99 Tasting Notes
Oh wow, this smells pretty intense!
You know, never in a million years would I have thought that I’d like this straight, but I do. There’s a malty, almost caramel note, another one that reminds me of when you cook with beer for that depth of flavor? that’s present! Which now makes me wonder about dumping a strong cup of this into my next stew!
w/ sugar – good with sugar, but a bit more sour which doesn’t make immediate sense. But I’ve realized it enhances the caramel note, making it taste like caramel that is close to being scorched.
w/ milk – mmm yum.
w/ milk and sugar – okay, prefer without sugar
Overall, this tea really surprised me in a positive way. I’d consider keeping a small amount in my cupboard as I have friends who enjoy really strong dark blacks, and have the odd cup myself from time to time.
Flavors: Astringent, Caramel, Malt
I was really looking forward to trying this one as I LOVE vanilla. To not have a bottle of nielsen massey in the house is akin to high treason in my family.
The aroma is very vanilla, mmmmmmmm. Slightly artificial but not much, although that’s me being very picky with my really sensitive nose.
Oooh!! There are sliced vanilla pods in the tea!
Straight – the vanilla note is there, but its weak, beautiful tea base though. Just the tiny tiny hint of astringency, so I’d try it at 2:30-2:45 if I was drinking it plain.
w/ sugar – Doesn’t really change the overall taste or bring out different notes.
w/ milk – Decent.
w/ milk and sugar – the vanilla note comes out a bit more. Interesting.
Overall not a *super** vanillary tea, but a light vanilla tea with a beautiful base.
*That being said, I love vanilla and like it STRONG. I restrained myself from adding my homemade vanilla sugar to this tea since I wanted to judge it on it’s own merits, but that’s what I would do in future.
AND I’M BACK!!!!
We had an awfully hot summer here in NZ, so now that it’s very much winter, true to my Canadian heritage, I’m ready to GET LOGGING! Haha, that was terrible…. I think we’re off to a good start.
First tea is Bossa Nova by Zen. Holy moley guys, the dry leaf smells amazing! Like ferreo roche, but without the chocolate.
Smells so good when brewing with the addition of what seems like roasted? oolong. (Obviously, to the oolong portion)
Alrighty, plain I can really taste the nut and the vanilla is faint, but still present.
w/ sugar –Alright, didn’t love it with sugar.
w/ milk – prefer than with sugar. Helps to bring out the vanilla and creamy hazelnut note
w/ milk and sugar – better than just plain sugar, but definitely preferring this one without the sugar.
Plain or with milk was my pick for this one. I steeped it to 3 minutes at one point to try and that was definitely too long, so 2:30 is the magic number for me. This is definitely something I would keep (in a small quantity) in the cupboard.
Sadly I have run out of my sample (Many thanks to the generous Zen Tea – Kenneth is such a sweetheart), but when I make my next order I’m looking forward to mixing it with a chocolate black tea and seeing what comes of that… because it sounds really really good in my head.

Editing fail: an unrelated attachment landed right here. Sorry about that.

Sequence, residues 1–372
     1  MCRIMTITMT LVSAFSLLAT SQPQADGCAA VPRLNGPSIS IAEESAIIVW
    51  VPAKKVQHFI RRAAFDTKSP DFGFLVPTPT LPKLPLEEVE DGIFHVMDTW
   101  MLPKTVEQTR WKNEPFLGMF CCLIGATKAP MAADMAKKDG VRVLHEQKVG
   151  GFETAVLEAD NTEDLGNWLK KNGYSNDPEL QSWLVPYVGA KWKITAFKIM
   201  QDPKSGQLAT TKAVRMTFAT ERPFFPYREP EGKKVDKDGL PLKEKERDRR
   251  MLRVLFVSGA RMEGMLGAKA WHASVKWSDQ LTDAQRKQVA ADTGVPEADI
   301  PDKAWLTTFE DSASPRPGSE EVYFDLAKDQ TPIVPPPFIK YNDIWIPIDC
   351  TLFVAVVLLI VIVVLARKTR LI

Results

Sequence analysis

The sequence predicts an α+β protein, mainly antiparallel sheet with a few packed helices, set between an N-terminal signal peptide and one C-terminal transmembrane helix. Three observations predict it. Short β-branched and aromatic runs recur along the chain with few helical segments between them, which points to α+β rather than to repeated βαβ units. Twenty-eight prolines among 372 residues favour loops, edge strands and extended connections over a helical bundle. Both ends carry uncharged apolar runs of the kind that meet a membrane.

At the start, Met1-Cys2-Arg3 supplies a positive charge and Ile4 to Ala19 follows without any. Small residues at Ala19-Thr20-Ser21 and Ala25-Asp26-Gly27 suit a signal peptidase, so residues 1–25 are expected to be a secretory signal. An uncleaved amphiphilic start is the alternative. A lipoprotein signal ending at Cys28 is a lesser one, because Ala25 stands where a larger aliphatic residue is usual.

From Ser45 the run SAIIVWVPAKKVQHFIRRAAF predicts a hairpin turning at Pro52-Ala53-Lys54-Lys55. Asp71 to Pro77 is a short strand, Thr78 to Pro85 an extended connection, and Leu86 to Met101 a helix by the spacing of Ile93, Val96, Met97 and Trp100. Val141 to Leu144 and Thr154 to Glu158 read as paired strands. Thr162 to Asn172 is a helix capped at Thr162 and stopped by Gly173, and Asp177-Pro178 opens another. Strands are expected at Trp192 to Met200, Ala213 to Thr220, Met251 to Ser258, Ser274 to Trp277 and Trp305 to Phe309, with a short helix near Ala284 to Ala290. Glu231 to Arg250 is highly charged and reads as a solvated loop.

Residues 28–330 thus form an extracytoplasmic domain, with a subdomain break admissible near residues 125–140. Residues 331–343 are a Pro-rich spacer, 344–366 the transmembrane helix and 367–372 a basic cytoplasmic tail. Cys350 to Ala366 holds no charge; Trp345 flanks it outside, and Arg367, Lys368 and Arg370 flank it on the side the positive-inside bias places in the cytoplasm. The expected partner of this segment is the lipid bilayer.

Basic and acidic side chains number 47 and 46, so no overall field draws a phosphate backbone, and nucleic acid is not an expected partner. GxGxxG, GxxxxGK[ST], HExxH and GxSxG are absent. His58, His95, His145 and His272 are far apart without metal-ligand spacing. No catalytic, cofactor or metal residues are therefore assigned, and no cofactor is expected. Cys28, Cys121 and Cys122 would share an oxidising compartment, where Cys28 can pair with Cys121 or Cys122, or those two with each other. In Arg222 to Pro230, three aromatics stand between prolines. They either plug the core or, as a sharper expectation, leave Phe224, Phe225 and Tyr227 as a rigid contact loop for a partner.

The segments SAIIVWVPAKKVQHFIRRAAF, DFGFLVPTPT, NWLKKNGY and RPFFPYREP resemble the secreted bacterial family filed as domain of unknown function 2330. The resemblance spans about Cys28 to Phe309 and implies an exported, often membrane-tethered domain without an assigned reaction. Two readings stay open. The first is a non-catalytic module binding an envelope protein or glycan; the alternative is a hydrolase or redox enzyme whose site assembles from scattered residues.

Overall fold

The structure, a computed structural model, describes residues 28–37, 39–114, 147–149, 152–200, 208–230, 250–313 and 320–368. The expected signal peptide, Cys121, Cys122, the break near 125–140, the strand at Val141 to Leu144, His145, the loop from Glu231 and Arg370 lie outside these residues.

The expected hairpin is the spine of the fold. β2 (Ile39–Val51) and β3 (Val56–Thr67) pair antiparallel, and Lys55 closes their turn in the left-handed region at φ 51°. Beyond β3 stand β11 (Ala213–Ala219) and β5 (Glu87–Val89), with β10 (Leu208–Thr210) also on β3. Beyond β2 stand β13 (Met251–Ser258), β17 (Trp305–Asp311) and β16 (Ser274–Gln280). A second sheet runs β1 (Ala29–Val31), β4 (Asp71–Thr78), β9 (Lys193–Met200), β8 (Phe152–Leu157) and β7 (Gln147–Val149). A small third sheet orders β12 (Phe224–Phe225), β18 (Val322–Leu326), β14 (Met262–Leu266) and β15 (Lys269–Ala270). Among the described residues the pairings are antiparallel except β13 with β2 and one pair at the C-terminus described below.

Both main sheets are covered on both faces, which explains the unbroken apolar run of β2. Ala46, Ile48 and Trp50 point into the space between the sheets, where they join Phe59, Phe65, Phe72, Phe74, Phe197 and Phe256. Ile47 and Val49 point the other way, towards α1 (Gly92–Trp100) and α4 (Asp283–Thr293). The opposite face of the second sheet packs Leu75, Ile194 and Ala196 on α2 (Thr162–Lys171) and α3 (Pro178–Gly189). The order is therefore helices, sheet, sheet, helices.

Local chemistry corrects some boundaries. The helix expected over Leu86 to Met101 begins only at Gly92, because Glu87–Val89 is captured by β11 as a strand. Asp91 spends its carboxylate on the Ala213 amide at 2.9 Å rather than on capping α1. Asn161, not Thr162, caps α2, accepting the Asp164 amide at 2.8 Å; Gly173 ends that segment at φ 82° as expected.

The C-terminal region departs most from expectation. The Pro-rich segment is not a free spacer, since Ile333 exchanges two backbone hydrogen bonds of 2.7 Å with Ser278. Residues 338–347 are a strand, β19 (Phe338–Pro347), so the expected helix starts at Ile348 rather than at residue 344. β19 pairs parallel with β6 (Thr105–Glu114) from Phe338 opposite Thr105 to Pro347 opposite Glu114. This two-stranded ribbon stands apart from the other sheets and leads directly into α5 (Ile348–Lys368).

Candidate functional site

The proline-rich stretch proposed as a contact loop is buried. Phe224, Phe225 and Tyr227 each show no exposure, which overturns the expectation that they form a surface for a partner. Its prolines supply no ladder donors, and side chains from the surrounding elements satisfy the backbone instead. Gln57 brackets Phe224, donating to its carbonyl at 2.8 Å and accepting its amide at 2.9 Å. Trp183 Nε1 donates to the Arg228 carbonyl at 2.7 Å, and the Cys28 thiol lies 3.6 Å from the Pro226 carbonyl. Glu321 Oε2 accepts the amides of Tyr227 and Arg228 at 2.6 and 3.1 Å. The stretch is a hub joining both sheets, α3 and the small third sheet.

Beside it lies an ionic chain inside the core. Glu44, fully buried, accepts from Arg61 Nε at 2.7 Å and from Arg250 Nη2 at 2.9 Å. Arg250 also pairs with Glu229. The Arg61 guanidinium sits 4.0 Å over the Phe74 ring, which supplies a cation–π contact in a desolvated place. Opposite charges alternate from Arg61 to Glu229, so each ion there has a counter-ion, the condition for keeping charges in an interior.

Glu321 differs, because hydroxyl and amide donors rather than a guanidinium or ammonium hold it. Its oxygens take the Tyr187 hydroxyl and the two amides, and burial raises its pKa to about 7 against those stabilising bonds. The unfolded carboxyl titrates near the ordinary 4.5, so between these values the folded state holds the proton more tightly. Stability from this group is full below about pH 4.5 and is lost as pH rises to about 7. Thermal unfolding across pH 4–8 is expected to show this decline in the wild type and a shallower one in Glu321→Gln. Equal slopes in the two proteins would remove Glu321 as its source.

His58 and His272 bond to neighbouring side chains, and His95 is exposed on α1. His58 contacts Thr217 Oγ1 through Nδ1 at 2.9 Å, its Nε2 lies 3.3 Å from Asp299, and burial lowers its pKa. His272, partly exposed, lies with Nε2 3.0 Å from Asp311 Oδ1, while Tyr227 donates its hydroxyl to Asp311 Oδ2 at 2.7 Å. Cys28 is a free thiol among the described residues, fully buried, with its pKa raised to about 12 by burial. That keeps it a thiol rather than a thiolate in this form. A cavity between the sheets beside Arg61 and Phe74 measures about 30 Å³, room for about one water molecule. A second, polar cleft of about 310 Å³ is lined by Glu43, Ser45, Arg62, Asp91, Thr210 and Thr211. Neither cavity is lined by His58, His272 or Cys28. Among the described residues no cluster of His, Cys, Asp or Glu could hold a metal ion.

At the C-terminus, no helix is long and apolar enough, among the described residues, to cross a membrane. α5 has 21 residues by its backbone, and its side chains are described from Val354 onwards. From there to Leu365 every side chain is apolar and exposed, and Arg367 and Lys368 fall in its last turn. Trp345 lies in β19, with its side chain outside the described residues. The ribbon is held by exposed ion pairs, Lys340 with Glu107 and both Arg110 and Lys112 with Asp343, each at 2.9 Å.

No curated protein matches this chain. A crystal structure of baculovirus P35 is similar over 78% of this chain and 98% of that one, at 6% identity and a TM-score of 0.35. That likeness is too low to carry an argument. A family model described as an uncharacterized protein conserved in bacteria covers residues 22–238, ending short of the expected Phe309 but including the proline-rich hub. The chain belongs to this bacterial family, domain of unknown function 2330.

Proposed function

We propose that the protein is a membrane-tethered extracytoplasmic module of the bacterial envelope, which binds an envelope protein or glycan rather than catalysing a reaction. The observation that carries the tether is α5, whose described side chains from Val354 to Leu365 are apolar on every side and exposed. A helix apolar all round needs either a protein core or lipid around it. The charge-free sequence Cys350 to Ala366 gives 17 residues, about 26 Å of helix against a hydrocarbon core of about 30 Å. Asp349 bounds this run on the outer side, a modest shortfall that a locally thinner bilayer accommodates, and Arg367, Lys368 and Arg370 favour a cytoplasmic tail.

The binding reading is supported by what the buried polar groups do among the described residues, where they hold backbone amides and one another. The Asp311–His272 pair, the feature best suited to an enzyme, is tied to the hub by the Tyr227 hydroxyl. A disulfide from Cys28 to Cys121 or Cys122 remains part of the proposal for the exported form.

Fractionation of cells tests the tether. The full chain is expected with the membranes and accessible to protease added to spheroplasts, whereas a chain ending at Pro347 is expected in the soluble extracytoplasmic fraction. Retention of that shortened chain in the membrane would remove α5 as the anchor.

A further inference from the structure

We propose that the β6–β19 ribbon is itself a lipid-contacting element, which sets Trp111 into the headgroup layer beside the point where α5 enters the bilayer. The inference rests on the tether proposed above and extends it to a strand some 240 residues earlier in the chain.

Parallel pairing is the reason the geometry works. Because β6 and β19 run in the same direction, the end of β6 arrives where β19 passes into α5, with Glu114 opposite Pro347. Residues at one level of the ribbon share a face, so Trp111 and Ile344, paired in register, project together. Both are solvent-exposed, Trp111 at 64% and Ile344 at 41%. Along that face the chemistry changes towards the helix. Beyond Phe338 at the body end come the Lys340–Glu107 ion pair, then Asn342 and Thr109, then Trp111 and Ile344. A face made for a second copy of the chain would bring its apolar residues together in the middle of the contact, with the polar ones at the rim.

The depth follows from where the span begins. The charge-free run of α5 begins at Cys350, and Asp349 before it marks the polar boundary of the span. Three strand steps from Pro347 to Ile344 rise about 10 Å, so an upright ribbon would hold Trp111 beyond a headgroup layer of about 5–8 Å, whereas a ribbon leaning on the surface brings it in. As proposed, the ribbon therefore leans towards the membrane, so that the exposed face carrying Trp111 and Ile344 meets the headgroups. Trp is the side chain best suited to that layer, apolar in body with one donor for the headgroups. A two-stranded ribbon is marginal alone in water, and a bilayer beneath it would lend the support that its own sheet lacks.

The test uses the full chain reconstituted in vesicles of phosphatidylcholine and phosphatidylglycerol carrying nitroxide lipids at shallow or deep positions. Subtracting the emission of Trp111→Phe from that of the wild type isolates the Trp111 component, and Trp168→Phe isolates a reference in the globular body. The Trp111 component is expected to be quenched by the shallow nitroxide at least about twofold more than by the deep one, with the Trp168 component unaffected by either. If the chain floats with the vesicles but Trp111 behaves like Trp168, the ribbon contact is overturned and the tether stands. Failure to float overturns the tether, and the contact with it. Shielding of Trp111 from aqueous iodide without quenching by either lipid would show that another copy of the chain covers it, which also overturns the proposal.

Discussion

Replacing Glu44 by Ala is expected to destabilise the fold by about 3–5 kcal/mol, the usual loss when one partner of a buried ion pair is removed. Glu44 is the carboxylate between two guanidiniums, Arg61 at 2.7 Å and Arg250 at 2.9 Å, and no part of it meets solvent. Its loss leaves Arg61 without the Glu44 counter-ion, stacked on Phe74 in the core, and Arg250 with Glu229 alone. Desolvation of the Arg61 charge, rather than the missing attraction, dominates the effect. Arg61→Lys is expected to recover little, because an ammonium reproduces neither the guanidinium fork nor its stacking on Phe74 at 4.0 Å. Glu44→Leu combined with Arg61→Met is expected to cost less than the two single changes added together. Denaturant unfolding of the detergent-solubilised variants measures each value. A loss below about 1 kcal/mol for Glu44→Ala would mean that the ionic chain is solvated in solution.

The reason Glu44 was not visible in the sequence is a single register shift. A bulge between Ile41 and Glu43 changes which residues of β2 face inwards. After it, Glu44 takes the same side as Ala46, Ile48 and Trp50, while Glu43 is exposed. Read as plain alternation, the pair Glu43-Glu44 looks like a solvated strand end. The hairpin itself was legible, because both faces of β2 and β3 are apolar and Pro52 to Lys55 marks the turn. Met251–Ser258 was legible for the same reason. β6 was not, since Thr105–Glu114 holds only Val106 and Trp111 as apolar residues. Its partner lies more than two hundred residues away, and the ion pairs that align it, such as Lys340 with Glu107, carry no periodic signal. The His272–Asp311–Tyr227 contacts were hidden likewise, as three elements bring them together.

Edit: I read notes from 2 years back and a common thread was that this tea tasted artificial. I didn’t find it artificial at all. I wonder if they’ve tweaked it in the elapsed time, because I have eaten fresh hazelnuts today and this seems pretty on point.
Flavors: Hazelnut, Vanilla
I’ll admit that I was a little wary of bagged oolong, but was pleasantly surprised. There was enough room for the oolong to fully expand in the tea bag and the leaves both looked and tasted very fresh. The tea was light and smooth with a lingering sweet floral fragrance. I would definitely pick this up to have at work (where bringing steeping equipment would be a nightmare) or to gift to a friend who only drinks bagged tea.
Thank you Teascent for the sample.
A solid Genmaicha at a fantastic price (Even in NZ this stuff is usually rather cheap). Great with & after meals. Only downside being that because it’s quite a big bag (400g!), it can spoil before you get through it all. I’d also suggest transferring it to a container to help prevent this, as well as for ease since the bag it comes in rips/splits easily.
This was a very balanced Oolong – slightly floral, slightly sweet, slightly mineral, slightly green with medium-light oolong flavour. Due to trying another Bai Hao that I fell head over heels with, I naturally wanted to try Teavivre’s version. While it was good, it failed to meet admittedly high expectations sadly.
Wow, these leaves are GIGANTIC! The shortest was over 3" long.
The dry leaves smelled earthy, deeply vegetal and sweet. The liquor was a neon green.
I brewed this in my glass bodum coffee press to watch the huge thick leaves swell. The cup was light and pleasant, with a clean fresh feel. No sweetness but no hint of astringency either. I feel like this would make an excellent introduction for someone who’s new to green tea.
I wanted to find out more about this tea and found that Teavivre has added some wonderful information, maps, and history to their site. I found it very interesting, and it’s neat to know exactly where the tea you’re drinking comes from.
http://www.teavivre.com/taiping-houkui-green-tea (It’s under the “more info” tab)